Tuesday, December 4, 2012

Political groups during the French Revolution

Meeting at the Jacobin Club, 1789

Political parties didn´t exist when the French Revolution started, but the need for solving practical problems while the National Assembly was trying to transform France gave birth to different political groups. Political discussions also went on in political clubs, where deputies met after the sessions in the Assembly. At the beginning of the Revolution most of the revolutionaries where monarchists and expected that the reforms could establish a constitutional monarchy in France. Differences appeared when the debates focused on the idea of citizenship and limitation of some rights. 

The first political club created after the beginning of the Revolution was the Club Breton. (Breton Club). When the National Constituent Assembly moved to Paris, this club changed  its name to Society of the Friends of the Constitution, also known as the Jacobin Club, because its members rented part of the old monastery of the Jacobins to celebrate their meetings. Most of the deputies of the Assembly joined it. Other moderate deputies created the Club de 1789, which met at the Royal Palace. 

The members of the Jacobin Club belonged mainly to the bourgeoisie: they were lawyers, doctors, teachers, merchants, writers, artists... and most of them were monarchists. After Louis XVI´s failed attemp of flight from France, there was a schism in the Jacobin Club: 

- the most moderate members left the Jacobin Club and created the Club des Feuillants. They met at the former monastery of the Feuillants and they continued to support monarchy. 

- most of the members of the Jacobin Club opted for removing monarchy and proclaiming a republic. The name of the club changed to Club of the Jacobins, the Friends of Liberty and Equality. This club became more popular and most of its members defended a democratic system.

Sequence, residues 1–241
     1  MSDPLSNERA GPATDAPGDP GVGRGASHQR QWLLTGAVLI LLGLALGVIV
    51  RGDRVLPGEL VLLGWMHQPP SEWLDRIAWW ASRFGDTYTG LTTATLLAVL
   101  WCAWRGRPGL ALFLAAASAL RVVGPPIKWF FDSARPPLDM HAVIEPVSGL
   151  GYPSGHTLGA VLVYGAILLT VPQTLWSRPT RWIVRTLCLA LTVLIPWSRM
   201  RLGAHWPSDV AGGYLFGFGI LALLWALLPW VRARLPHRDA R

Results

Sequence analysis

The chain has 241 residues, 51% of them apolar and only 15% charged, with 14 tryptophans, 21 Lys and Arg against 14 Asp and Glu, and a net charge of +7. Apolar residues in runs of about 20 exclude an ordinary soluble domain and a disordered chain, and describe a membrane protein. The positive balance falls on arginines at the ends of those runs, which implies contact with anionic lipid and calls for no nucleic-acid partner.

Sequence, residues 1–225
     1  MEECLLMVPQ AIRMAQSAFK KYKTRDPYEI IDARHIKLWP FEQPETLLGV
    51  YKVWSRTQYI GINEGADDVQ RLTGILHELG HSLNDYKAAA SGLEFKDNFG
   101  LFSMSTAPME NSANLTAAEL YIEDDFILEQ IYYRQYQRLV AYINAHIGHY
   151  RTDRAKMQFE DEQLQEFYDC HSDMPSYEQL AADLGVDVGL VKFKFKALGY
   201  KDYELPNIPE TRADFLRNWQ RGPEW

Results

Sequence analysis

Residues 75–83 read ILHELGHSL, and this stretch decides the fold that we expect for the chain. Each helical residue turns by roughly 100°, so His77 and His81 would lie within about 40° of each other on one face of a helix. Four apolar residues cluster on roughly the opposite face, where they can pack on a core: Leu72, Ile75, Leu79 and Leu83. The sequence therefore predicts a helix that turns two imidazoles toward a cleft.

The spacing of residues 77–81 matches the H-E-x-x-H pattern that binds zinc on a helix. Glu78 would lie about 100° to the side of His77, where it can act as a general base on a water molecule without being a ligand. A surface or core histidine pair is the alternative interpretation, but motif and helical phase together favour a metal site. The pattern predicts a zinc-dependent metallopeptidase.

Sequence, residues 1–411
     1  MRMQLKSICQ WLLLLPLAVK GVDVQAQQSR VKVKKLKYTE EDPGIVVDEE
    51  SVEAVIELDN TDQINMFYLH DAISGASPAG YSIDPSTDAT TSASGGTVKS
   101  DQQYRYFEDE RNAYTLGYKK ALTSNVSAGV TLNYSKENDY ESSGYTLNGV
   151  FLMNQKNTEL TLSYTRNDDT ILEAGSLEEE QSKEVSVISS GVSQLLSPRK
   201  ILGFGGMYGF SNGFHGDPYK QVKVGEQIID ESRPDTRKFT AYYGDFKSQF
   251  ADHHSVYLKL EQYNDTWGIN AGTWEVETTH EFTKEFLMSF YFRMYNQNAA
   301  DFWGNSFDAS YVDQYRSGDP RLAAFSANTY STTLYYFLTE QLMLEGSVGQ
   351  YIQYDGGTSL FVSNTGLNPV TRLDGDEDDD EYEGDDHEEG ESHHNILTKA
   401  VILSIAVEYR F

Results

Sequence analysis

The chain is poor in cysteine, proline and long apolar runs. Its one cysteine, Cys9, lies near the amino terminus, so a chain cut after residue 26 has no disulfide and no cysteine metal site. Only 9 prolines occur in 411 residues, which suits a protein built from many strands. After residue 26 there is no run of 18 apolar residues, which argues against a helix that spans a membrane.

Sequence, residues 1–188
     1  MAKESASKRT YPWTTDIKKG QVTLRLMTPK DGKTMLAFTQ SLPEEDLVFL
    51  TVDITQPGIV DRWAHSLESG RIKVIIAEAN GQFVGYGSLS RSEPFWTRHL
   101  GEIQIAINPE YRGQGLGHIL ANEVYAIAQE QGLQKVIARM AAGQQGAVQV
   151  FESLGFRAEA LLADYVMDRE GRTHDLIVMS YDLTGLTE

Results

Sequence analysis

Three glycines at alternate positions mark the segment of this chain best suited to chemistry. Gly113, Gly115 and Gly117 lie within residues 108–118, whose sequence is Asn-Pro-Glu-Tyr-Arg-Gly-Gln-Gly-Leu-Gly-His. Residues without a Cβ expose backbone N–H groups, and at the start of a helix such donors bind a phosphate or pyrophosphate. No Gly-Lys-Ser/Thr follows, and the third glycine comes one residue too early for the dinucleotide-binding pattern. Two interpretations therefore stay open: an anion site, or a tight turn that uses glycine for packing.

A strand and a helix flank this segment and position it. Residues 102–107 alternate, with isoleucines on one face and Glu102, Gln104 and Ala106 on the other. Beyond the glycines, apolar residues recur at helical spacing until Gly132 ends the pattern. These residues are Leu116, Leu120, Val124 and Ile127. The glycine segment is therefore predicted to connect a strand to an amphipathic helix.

There was another political club founded in 1790: the Society of the Friends of the Rights of Man and the Citizen, also called the Cordeliers Club, because they met in a former Franciscan convent. They were more radical than the Jacobin Club, accepted working men and women and some of their most prominent members were Danton, Marat, Desmoulins and Hébert.

When Louis XVI was deposed, the Jacobin Club divided into two branches: the Girondists and the Jacobins. Both branches belonged to the same club, but they defended different opinions in the National Convention:

- The Girondists controlled the Convention until July 1793. They received this name because some of their most relevant deputies came from the region around Bordeaux, the Gironde. They represented the commercial bourgeoisie, defended freedom and private property and wanted to export the revolution. Some of their leaders were Brissot, Vergniaud and Ducos. 

- The Jacobins and the members of the Club of the Cordeliers formed a group called the Montagnards (the Mountain: they were called in this way because they sat at the top seats of the Convention).  They defended equality over freedom and wanted to consolidate the revolution in France. They got the support of the sans culottes and controlled the National Convention from July 1793 to July 1794. Their main leaders were Danton, Marat, Couthon, Robespierre and Saint Just. During the Reign of Terror many of the members of the Cordeliers were guillotined. The same happened with the Jacobins after the Thermidorian reaction

Here you have a very interesting scheme in French I´ve just found about this topic: 

The political division between right and left also comes from the French Revolution. In the National Assembly the defenders of the Ancien Régime sat to the right of the king and the supporters of the revolution to his left. In the opening session of the Legislative Assembly in October 1791, the innovators sat on the left,  the moderates in the centre and the defenders of the Constitution (Feuillants or monarchists) on the right. 

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